Ian Frazier is a skillful writer of non fiction. I would compare this book to John McPhee's Coming Into the Country. Frazier traveled some 25,000 miles across the Great Plains states that is from the Dakotas to Texas. He has tried (successfully) to distill the essence of the Great Plains in this regrettably short book. We learn where tumbleweed comes from-the steppes of Russia, what it's like to operate a Minuteman silo, how immigrants were enticed to come to the Great Plains. That the railroads wanted Germans but no French or Italians. Financing of agriculture is discussed-no loans west of the 100th Meridian. He writes of the the Dust Bowl and the population declines in 2/3rds of the counties. How an agricultural agent went to the steppes of Russia to get hardy wheat seeds and led to the popularity of pasta. This is not a travel guide. If you want detailed travel information, I suggest the Off the Beaten Path series of the Dakotas, Nebraska. and the other Plains states. The book could have been longer and better organized. For example the author mentions Odessa but does not mention the meteor craters, the million barrel tank, the Moynihan (sp?) sanddunes, the Mojo. He mentions the Black Hills but not pitchfork fondue. If you plan on going through the Plains states, you should read this book.
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17 of 19 people found the following review helpful By John Elsegood on April 23, 2001
Format: Paperback
This book is not a tourist book of the Great Plains but rather some interesting vignettes of the area as perceived by the author, Ian Frazier,about a vast expanse of 'big sky' territory.
Although not a history book, Frazier, weaves some interesting historical facts on a variety of people, places and subjects. Thus, we read about the great Indian warrior, Crazy Horse (a firm Frazier favourite), his adversary, Custer,and outlaws such as Billy the Kid and latter-day villains such as Bonnie and Clyde who all made appearances across the grand stage of the prairies.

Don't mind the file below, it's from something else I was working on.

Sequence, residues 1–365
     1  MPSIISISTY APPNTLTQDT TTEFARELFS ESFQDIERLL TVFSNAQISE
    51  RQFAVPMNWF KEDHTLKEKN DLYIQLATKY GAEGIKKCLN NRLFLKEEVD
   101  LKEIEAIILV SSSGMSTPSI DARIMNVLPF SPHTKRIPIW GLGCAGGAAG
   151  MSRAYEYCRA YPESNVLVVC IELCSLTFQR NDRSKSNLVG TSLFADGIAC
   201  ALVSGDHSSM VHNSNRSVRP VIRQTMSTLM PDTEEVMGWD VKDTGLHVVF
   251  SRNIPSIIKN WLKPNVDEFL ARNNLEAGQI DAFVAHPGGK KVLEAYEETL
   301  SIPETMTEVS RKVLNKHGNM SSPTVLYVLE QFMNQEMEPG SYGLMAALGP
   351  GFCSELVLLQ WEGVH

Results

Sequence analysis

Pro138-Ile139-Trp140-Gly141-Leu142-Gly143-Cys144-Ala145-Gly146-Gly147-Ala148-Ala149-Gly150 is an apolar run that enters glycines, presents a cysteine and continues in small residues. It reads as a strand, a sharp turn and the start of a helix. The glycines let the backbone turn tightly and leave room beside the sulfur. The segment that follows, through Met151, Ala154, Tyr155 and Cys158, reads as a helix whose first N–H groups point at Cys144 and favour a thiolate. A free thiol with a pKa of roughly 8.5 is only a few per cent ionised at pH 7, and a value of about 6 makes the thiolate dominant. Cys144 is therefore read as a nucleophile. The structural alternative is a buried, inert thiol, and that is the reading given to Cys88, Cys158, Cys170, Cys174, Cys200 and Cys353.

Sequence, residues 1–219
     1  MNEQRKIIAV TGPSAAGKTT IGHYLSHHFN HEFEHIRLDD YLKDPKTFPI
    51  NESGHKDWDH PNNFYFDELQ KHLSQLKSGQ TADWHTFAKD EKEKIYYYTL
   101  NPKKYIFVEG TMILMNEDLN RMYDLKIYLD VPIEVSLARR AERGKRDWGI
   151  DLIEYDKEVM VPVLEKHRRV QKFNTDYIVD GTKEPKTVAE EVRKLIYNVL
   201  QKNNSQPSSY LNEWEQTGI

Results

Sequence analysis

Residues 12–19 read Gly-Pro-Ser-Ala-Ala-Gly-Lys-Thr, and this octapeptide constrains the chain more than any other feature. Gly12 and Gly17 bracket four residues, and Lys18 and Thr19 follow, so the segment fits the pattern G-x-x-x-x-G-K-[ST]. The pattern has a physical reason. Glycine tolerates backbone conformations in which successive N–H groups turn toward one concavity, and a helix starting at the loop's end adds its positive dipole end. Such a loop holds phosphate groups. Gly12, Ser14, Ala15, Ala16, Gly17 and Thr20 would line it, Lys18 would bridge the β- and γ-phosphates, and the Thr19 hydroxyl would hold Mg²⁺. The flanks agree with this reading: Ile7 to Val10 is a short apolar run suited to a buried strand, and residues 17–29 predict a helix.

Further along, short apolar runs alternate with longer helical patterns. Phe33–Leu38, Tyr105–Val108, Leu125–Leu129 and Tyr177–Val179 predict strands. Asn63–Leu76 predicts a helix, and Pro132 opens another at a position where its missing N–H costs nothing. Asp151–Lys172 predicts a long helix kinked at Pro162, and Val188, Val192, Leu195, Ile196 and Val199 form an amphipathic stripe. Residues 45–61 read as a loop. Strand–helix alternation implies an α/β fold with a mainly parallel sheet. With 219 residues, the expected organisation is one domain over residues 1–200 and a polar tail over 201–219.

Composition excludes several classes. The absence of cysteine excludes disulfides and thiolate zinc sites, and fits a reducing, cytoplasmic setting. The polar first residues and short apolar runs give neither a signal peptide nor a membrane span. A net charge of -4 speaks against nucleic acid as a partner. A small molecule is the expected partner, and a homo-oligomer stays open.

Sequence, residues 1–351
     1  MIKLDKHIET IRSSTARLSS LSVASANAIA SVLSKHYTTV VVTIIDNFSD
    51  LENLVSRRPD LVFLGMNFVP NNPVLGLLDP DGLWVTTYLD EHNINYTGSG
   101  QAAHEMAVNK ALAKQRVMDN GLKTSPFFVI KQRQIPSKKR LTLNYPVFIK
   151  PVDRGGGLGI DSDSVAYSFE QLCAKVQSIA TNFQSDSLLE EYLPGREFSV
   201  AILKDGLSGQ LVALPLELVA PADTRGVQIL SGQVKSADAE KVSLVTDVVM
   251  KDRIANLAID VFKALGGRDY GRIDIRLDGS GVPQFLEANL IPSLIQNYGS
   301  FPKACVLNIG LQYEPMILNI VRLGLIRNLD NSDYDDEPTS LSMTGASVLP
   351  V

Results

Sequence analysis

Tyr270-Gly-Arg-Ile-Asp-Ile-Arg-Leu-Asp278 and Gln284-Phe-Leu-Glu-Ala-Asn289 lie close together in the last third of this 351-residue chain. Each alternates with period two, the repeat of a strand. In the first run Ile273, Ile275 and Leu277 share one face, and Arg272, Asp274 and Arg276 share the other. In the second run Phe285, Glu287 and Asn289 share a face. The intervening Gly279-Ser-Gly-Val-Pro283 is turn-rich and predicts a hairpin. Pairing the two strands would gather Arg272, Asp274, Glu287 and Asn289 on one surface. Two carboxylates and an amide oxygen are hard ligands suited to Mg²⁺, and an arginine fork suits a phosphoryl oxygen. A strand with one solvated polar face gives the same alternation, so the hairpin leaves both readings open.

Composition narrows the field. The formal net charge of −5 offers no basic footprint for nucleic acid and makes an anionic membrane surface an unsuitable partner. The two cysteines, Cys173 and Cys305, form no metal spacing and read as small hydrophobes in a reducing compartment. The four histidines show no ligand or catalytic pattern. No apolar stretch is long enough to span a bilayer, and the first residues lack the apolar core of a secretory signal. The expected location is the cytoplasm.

We also learn of the impact of the railways and the effect of migration on the region with the rail companies preferring German workers over the French or Italians.
The miltary might of the USA is also portrayed as the author describes how parts of this seemingly tranquil territory has the capacity to effectively demolish the rest of the world, if American fire-power was ever fully unleashed. However, one thing the Russians were able to penetrate the US with was the humble tumbleweed. Frazier describes how they came originally from the Russian steppes. The author is something of a tumbling tumbleweed himself, moving as effortlessly from place to place in his rambles over this quintessential part of America.
Such a book can only give a flavour of the many states that constitute the Great Plains region.What Frazier has done for this far-away reader is to interest me in reading the history of the region in greater detail. Perhaps Walter Prescott Webb's similarly named book, (The Great Plains), will provide the detail missing from Frazier's cameo piece.
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17 of 20 people found the following review helpful By Daniel Hurley VINE VOICE on June 5, 2000
Format: Paperback
On the Great Plains is a great look at the land and it's history by a vagabond traveler that initially hooks up with a Sioux indian by the name of Le War Lance in New York and suddenly transports himself in a rusty van to travel the lonely highways of the Great Plains. While rambling through the country side Frazier provides a history of the land and a description of its present day state with a description of the people as well. Stories of Custer, Bonnie Clyde, Crazy Horse ( a particularly long fascination), Billy the Kid and the descriptions of the places that made them famous. Also fraught with humor such as a descriptively long ride to Sitting Bull's former cabin site located beyond the middle of nowhere with a guide that has to study intently a fuel additive bottle before believeing its not the right kind of alcohol. The history and stories of people and places are endlessly fascinating such as the inhabitants of Nicodemus, a black pioneer town that never completely died and that has an annual festival attended by the whole county, the story of Lawrence Welk and how he was once hit by a thrown brick, a description of a present day rendezvous at the site of Brent's Fort, a visit with the future and controversial Superintendent of the Little Bighorn Battlefield Gerad Baker and many more descriptions and historic story telling. More poignant in that Frazier travels as a modest man that sleeps frequently in his van while listening to the land outside including the ocassional vehicle that goes by in the night. A precursor to "On the Rez".